Strahan, William

, an eminent printer, and many years printer to his majesty, was born at Edinburgh in 1715. His father, who had a small appointment in the customs, gave his son the education which every boy of decent rank then received in a country where the avenues to learning were easy, and open to men of the most moderate circumstances. After having passed through the tuition of a grammar-school, he was put apprentice to a printer; and, when a very young man, went to follow his trade in London. Sober, diligent, and attentive, while his emoluments were for some time very scanty, he contrived to live rather within than beyond his income; and though he married early, and without such a provision as prudence might have looked for in the establishment of a | family, he continued to thrive, and to better his circumstances. His abilities in his profession, accompanied with perfect integrity, and unabating diligence, enabled him, after the first difficulties were overcome, to proceed with rapid success. He was one of the most flourishing men in the trade, when, in 1770, he purchased a share of the patent for king’s printer, of Mr. Eyre, with whom he maintained the most cordial intimacy during all the rest of his life. Besides the emoluments arising from this appointment, as well as from a very extensive private business, he was eminently successful in the purchase of the copy-rights of some of the most celebrated authors of the time. In this his liberality kept equal pace with his prudence, and in some cases went perhaps rather beyond it. Never had such rewards been given to the labours of literary men, as were now received from him and his associates (See Cadell) in those purchases of copy-rights from authors.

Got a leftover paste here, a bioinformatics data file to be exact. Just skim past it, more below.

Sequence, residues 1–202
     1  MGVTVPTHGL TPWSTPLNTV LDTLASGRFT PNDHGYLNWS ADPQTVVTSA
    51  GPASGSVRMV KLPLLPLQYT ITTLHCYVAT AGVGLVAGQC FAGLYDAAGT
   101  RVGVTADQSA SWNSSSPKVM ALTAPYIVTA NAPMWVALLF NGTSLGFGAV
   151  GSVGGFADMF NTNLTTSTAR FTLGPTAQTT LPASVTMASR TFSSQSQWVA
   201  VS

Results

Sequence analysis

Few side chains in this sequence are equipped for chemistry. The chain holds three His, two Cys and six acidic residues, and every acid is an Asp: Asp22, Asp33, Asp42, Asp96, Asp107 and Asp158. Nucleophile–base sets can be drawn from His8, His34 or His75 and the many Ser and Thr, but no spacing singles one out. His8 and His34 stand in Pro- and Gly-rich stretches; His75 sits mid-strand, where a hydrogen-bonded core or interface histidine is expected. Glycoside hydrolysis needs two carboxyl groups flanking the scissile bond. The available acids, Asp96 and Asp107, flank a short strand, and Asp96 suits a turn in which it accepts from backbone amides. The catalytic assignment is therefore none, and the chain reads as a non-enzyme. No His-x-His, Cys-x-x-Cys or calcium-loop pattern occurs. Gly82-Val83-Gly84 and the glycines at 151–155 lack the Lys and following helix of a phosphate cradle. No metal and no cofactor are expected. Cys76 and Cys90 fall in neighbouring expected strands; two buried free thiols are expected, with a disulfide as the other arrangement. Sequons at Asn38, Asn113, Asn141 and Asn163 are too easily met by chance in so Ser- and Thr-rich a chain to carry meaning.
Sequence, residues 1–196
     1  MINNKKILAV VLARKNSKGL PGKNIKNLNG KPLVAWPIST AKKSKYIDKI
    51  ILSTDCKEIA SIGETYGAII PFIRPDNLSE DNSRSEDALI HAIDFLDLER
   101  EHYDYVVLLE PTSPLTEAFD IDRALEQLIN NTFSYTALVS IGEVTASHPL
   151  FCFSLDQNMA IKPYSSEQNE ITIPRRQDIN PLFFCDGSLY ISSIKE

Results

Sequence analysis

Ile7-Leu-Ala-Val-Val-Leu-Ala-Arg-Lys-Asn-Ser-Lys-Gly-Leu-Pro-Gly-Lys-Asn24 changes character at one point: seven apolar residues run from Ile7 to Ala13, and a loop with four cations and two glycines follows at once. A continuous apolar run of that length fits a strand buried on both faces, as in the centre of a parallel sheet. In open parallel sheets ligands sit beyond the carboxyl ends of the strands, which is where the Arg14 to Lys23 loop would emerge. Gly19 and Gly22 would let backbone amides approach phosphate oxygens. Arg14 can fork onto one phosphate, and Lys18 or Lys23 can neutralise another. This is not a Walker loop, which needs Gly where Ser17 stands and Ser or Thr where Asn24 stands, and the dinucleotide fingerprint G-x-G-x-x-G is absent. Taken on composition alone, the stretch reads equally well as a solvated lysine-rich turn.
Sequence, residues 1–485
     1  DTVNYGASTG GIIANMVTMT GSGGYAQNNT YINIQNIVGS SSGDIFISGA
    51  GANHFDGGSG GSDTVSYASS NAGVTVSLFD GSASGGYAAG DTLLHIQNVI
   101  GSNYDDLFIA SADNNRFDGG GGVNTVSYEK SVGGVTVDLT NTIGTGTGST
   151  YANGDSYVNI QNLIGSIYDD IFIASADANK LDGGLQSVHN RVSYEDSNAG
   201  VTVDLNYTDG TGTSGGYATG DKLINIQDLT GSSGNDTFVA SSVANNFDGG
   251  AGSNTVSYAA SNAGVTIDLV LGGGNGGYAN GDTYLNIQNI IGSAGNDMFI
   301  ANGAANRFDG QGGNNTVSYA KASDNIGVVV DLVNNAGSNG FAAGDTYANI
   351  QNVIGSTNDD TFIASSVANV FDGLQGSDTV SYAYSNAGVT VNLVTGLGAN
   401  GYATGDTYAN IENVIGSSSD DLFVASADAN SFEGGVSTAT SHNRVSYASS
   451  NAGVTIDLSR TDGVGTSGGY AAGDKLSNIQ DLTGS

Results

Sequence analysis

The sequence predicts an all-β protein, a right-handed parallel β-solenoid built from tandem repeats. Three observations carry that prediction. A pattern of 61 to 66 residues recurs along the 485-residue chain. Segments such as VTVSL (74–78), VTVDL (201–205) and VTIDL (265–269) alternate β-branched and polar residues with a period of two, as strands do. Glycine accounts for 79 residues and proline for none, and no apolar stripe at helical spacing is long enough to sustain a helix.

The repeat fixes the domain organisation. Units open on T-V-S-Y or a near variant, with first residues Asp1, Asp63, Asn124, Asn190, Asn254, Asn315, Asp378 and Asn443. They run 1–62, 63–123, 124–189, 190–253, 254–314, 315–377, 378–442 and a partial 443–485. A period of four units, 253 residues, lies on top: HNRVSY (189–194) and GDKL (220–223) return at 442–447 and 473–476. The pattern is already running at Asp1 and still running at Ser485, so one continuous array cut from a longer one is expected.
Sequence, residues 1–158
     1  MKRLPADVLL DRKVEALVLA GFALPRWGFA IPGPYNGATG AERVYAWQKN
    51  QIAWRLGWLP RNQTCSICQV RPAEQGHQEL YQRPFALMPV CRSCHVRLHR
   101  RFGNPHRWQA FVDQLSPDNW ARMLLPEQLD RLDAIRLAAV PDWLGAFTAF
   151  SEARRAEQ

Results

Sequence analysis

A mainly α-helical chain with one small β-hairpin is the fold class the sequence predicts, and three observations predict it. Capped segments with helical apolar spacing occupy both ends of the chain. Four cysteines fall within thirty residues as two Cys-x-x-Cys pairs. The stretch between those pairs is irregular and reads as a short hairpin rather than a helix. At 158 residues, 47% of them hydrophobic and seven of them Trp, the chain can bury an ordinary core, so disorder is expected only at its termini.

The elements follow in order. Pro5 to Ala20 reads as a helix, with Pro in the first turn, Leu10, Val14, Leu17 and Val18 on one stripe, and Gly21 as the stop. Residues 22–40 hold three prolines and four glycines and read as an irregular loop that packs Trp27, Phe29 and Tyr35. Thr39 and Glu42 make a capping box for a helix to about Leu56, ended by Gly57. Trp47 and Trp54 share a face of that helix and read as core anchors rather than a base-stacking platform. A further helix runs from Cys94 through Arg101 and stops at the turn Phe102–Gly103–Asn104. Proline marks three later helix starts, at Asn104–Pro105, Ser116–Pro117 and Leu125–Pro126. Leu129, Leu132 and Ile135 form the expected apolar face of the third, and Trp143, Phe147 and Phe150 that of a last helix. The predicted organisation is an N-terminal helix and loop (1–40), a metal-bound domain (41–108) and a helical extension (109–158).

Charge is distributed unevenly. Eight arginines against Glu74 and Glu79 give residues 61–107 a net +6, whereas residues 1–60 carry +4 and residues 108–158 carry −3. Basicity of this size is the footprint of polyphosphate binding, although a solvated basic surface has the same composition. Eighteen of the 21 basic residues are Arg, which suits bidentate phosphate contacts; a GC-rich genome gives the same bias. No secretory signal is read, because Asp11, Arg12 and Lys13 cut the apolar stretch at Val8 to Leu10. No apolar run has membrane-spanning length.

Having now attained the first great object of business, wealth, Mr. Strahan looked with a very allowable ambition en the stations of political rank and eminence. Politics had long occupied his active mind, which he had for many years pursued as his favourite amusement, by corresponding on that subject with some of the first characters of the age. His queries to Dr. Franklin in the year 1769, respecting the discontents of the Americans, published in the London Chronicle of July 28, 1778, shew the just conception he entertained of the important consequences of that dispute, and his anxiety as a good subject to investigate, at that early period, the proper means by which their grievances might be removed, and a permanent harmony restored between the two countries. In 1775 he was elected a member of parliament for the borough of Ma’msbury, in Wiltshire, with a very illustrious colleague, the hon. Charles James Fox; and in the succeeding parliament, for Wotton Bassett, in the same county. In this station, applying himself with that industry which was natural to him, he attended the House with a scrupulous punctuality, and was a useful member. His talents for business acquired the consideration to which they were entitled, and were not unnoticed by the minister. In his political connexions he was constant to the friends to whom he had been first attached. He was a steady supporter of that party who were turned out of administration in the spring of 1781, and lost his seat in the House of Commons by the dissolution of parliament | with which that change was followed: a situation which he did not shew any desire to resume on the return of the new parliament. One motive for his not wishing a seat in the next parliament, was a sense of some decline in his health, which had rather suffered from the long sittings and late hours with which the political warfare in the last had been attended. Though without any fixed disease, his strength was visibly declining; and though his spirits survived his strength, yet the vigour and activity of his mind were considerably impaired. Both continued gradually to decline till his death, which happened on July yth, 1785, in the seventy-first year of his age.